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What Paint Sheen is Right For You?

April 1, 2013 1 Comment

What do you know about paint sheen?

Most of my customers are a bit puzzled when I ask what finish they’d like applied to their walls. Flat, matte, eggshell, semi-gloss, gloss, satin, and low luster are all terms many homeowners have no understanding of. It’s hard enough to pick colors for your home, let alone determine the finish of those colors. I’m here to give you all the information you’ll need to make your decision today. I’ll tell you what your options are, and where they perform best.

Let’s start with flat finish paint. You’ve seen this paint sheen many times, just take a look up above your head at that bright white ceiling. Flat finish paint is almost always applied to ceilings in commercial and residential buildings, an exception being areas that experience a high level of moisture such as a bathroom with a shower and sometimes a kitchen. Flat paint is the magician of the coatings industry. Imperfections on old walls are easily hidden away by two coats of flat paint. This makes flat paint an excellent go to for rental properties and houses going on the market. Flat paint also carries the lowest price tag out of all the finishes. Surface marring and the coatings inability to be heavily cleaned after curing are the only drawbacks to using flat finish paint. This sheen performs best on ceilings and walls in room with low moisture levels, and in exterior applications on various types of properly primed wooden siding and stucco.

Next we have eggshell finish paint. Eggshell is a term most often confused with a paint color. I’ve had many homeowners correct me when I suggest using an eggshell finish in their home, and say “Oh no I was thinking a light tan. Not eggshell!” Eggshell sheen has a little bit of shine to it, because of this prep work is more extensive than if you were using flat finish paint. Imperfections are amplified as light reflects brightly off of eggshell finish paint. If you have young children this is the sheen for you! I have seen flat finish paint jobs get destroyed within a year from the normal wear and tear of little kids. Handprints, juice and food stains, and the infamous crayon drawings on the walls are all attacks eggshell finish paint will stand up to much longer than flat sheen paints. Drawbacks for this finish include the higher level of prep work witch results in a more expensive paint job, and often when using a deep color eggshell finish will take on the look of semi-gloss creating a obnoxious glares from sunlight.

Now I’ll tell you about my favorite paint sheen, matte finish paint!

This particular sheen is a real people pleaser. It caters to the homeowner that needs a coating that can withstand being scrubbed clean, and still offers the hiding power and attractive look of flat finish paint. Matte finish paints can even be applied in bathrooms and shower areas and resist mold and mildew. I’d recommend this sheen to just about anyone. It’s that bowl of porridge that is just right. There is only one miniscule drawback, generally this sheen is only offered in more expensive lines of paint. Hardly a con if you ask me.

I’m going to cover gloss, semi-gloss, and satin sheen paints at the same time. These sheens all get consistently applied to trim and doors in a home or commercial building, the exception being semi-gloss that is applied to walls and ceilings in kitchen and shower areas of residential homes. These three are highly reflective paint sheens. You want your expensive decorative woodwork to standout! These sheens also offer the highest level of protection, an excellent choice for railings and doors that see daily use. If a long lasting finish is what your looking for consider using an oil based paint. Oil based paints cure much harder than latex paints and therefore withstand much more abuse. Satin sheen is most often offered as an exterior finish, and can sometimes be applied to the body of the house. It’s used inside sometimes too. Duration, a paint line by Sherwin Williams, offers a satin finish in place of eggshell. These three finish paints also carry a hefty price tag when compared to flat sheen paints, so only applying them to trim and doors is quite beneficial to your wallet.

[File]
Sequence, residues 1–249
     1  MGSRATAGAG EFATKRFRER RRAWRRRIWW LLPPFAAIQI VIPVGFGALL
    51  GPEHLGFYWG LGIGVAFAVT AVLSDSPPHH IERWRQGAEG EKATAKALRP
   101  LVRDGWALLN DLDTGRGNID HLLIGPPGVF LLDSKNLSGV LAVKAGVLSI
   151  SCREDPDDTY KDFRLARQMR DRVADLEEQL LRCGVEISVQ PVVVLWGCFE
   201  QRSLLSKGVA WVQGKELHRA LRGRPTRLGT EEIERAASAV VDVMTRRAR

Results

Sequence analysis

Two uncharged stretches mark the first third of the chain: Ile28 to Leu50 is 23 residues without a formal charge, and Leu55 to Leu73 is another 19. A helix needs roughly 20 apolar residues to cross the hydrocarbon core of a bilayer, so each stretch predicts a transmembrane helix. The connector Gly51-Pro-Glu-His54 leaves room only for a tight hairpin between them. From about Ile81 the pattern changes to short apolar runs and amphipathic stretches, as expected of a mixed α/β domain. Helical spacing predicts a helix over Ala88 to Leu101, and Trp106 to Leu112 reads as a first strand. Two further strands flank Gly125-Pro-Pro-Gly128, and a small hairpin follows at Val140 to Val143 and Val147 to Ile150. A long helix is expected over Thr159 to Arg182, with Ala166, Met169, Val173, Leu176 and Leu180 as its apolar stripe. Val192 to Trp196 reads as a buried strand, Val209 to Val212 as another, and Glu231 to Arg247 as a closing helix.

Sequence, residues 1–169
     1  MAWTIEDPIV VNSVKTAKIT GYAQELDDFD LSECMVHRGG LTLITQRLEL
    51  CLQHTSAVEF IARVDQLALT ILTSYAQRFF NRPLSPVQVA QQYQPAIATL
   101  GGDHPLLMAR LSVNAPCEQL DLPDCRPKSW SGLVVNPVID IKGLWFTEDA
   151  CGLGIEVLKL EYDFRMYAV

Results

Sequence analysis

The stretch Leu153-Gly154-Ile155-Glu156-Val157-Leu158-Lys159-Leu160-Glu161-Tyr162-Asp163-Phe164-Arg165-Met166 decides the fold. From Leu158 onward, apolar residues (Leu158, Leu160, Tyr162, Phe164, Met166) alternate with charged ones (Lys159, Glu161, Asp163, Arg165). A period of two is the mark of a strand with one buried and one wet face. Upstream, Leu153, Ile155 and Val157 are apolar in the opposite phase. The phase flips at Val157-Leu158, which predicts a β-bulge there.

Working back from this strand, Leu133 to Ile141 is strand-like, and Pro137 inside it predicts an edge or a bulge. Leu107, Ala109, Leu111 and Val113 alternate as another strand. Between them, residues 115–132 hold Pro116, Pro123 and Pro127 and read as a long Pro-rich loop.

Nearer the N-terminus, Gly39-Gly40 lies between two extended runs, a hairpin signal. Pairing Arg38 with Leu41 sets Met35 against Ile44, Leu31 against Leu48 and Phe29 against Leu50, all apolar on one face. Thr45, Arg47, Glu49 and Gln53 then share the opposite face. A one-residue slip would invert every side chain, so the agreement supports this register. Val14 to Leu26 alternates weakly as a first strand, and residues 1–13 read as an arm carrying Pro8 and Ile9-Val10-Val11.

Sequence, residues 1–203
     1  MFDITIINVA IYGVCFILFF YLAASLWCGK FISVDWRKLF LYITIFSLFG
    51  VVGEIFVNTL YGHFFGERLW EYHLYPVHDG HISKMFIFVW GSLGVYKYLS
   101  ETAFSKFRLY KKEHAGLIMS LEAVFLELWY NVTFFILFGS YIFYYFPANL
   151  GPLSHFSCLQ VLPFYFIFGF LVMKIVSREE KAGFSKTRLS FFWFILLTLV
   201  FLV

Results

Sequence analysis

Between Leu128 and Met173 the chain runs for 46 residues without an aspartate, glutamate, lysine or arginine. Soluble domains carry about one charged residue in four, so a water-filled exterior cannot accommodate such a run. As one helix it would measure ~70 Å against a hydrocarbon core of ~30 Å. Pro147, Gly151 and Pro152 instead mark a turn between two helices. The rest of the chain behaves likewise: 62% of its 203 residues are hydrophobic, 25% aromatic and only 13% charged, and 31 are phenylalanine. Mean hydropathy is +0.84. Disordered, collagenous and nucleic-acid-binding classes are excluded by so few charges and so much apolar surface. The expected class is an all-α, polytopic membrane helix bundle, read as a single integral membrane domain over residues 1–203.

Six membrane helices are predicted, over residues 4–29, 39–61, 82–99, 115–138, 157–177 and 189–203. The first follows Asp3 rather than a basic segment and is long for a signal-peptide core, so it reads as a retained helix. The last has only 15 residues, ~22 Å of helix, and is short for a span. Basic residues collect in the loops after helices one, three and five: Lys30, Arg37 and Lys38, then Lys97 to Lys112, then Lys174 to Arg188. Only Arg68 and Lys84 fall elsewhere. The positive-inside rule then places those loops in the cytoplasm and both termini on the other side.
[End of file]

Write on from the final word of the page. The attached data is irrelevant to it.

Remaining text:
Lastly we have the lesser used sheens low luster and luster lite. These sheens require a high level of wall preparation, as they are much more reflective than eggshell finish paint. They are most often used in commercial applications, but perform well in residential bathrooms and kitchens as well. Generally it makes more sense to use eggshell finish paints in a residential setting, but homeowners are not limited to it.

Now you can make an informed decision on what paint sheen is right for your home. Maybe you’re putting your home on the market and flat finish is going help you sell quickly. Flat finish is also a great money saving solution when previous tenants bang up the walls on your rental property. If you have a growing family eggshell finish paint can help protect the walls of your biggest investment in life. If you can’t make up you’re mind between eggshell or flat, rest easy knowing matte finish will cover all the bases. Protect your trim and doors with a high sheen like semi-gloss, and consider using an oil based product to extend the life of the finish. If you still need guidance remember I am just a phone call away and can assist you in choosing the colors and sheens that will help beautify and protect your home.

Now think about Color!

About the Author:

Sean has extensive knowledge of today’s coating technologies and strives to provide the best customer service possible. Building a long, lasting, business relationship built around trust, honesty, and impeccable craftsmanship is what we believe will keep us in business for years to come.

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